DAVID "FATHEAD" NEWMAN
Saxist David Newman may never lose his nickname, blurted out in exasperation by a high school teacher after his dismantlement of a short musical passage some five decades ago; but a new reissue, It's Mister Fathead (32 Jazz), which gathers four of his Atlantic LPs from the 50s and 60s on two CDs, at least insists on the appropriate respect. Actually Newman had already bled the original insult of all meaning by the mid-50s, when the young man from Dallas secured a starring role in the big and small bands led by Ray Charles. At that point the nickname could just as easily have referred to the big, blowsy sound of Newman's alto--or, if irony's your bag, to his cool, dumb-like-a-fox update on the Texas tenor sound of his predecessors Buddy Tate and Illinois Jacquet (who also appears in town this week). Newman's previous experience in R & B bands led by the likes of T-Bone Walker and Lowell Fulson didn't hurt his reputation either; in fact, his greatest strength is still his ability to infuse his playing with the musical equivalent of spicy, sweet panhandle barbecue sauce. Listening to those albums now, you can't help but remark on the emotions lurking in his alto tone, the edge of introspection on his tenor swagger, and the hard swing he brings to both horns. Though he's mellowed in the last decade or so, those qualities remain, as does the funky expertise he brought to the flute in a series of soul-jazz records in the 1970s. Newman's versatility almost always assures a certain measure of surprised satisfaction: you go to hear his barreling blues work and stay for the late-night lubricity of his ballads, or vice versa. He'll stand up in front of what has become the house rhythm section at the Jazz Showcase lately: pianist Willie Pickens, drummer Robert Shy, and bassist Larry Gray. Friday and Saturday, 9 and 11 PM, and Sunday, 4, 8, and 10 PM, Jazz Showcase, 59 W. Grand; 312-670-2473. NEIL TESSER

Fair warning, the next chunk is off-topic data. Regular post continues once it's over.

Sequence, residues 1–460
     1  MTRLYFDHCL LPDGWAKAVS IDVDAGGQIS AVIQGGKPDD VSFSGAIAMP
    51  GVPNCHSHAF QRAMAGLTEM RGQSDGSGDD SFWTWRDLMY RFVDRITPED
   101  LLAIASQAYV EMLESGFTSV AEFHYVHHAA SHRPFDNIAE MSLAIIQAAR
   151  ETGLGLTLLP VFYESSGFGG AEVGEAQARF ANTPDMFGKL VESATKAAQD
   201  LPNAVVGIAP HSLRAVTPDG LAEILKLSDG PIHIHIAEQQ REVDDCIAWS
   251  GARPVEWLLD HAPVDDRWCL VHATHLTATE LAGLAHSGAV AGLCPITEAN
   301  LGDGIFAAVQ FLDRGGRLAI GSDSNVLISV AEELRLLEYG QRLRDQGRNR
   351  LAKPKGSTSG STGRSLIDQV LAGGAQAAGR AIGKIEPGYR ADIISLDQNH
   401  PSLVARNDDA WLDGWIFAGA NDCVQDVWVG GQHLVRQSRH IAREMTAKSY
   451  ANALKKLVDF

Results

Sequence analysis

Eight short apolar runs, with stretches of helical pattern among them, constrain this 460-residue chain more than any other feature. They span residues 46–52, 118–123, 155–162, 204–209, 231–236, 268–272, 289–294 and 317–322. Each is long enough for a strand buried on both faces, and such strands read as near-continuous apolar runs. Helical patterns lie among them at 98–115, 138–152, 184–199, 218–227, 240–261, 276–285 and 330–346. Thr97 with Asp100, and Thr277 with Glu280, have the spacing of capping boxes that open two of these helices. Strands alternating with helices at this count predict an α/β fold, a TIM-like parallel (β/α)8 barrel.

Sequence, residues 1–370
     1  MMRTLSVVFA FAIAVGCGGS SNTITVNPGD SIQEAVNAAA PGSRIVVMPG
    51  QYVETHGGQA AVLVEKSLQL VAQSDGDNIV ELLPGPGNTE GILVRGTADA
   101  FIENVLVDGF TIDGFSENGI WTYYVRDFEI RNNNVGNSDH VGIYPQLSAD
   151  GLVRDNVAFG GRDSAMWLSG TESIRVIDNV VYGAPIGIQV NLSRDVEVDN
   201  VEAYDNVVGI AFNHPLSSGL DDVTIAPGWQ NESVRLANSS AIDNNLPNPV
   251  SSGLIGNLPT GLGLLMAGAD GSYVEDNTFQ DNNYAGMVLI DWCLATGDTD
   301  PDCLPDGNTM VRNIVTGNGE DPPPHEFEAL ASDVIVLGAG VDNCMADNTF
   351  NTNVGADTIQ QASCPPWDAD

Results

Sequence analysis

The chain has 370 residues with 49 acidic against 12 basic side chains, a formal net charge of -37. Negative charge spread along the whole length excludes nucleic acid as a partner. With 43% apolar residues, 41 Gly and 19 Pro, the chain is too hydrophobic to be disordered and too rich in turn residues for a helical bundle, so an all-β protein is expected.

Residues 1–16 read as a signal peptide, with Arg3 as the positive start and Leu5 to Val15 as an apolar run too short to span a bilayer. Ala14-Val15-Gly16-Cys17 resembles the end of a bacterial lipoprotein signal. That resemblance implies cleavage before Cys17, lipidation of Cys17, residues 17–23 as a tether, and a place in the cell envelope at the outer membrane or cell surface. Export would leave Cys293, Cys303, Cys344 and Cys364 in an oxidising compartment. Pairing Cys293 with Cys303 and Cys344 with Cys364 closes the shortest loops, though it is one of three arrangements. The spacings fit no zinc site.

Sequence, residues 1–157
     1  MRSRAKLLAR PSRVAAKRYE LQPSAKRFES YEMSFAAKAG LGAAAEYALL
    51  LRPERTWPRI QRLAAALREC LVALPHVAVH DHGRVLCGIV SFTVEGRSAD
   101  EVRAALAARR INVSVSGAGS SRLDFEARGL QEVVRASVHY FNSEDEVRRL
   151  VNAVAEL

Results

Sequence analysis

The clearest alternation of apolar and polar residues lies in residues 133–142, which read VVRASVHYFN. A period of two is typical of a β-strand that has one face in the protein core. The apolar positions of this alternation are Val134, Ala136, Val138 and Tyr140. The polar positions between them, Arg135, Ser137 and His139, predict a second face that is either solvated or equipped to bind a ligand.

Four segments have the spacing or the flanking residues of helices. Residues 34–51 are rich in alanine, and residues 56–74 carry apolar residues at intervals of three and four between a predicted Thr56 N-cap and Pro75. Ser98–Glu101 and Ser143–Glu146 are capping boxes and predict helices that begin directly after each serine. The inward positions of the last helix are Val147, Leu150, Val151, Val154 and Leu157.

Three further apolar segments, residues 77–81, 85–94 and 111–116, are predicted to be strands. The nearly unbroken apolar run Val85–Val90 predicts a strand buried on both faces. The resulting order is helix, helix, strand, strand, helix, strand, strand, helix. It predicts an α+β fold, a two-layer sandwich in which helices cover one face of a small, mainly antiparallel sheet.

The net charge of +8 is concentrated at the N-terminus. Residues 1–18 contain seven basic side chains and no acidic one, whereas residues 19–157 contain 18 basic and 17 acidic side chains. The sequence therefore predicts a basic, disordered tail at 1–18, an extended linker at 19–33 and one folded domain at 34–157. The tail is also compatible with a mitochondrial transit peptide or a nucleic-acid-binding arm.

Art accompanying story in printed newspaper (not available in this archive): uncredited photo.